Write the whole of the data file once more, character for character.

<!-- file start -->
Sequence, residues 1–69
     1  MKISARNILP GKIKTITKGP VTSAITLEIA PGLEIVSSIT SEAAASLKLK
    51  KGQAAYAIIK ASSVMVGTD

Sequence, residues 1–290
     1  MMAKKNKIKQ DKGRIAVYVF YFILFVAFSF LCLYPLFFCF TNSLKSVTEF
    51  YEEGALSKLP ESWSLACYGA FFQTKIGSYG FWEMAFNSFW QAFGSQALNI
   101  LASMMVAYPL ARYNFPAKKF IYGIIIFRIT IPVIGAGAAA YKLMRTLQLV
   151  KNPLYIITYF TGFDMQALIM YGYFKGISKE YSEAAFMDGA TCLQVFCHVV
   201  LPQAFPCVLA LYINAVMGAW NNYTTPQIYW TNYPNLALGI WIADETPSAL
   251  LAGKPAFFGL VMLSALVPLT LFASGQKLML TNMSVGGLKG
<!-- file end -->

Sequence, residues 1–69
     1  MKISARNILP GKIKTITKGP VTSAITLEIA PGLEIVSSIT SEAAASLKLK
    51  KGQAAYAIIK ASSVMVGTD

Sequence, residues 1–290
     1  MMAKKNKIKQ DKGRIAVYVF YFILFVAFSF LCLYPLFFCF TNSLKSVTEF
    51  YEEGALSKLP ESWSLACYGA FFQTKIGSYG FWEMAFNSFW QAFGSQALNI
   101  LASMMVAYPL ARYNFPAKKF IYGIIIFRIT IPVIGAGAAA YKLMRTLQLV
   151  KNPLYIITYF TGFDMQALIM YGYFKGISKE YSEAAFMDGA TCLQVFCHVV
   201  LPQAFPCVLA LYINAVMGAW NNYTTPQIYW TNYPNLALGI WIADETPSAL
   251  LAGKPAFFGL VMLSALVPLT LFASGQKLML TNMSVGGLKG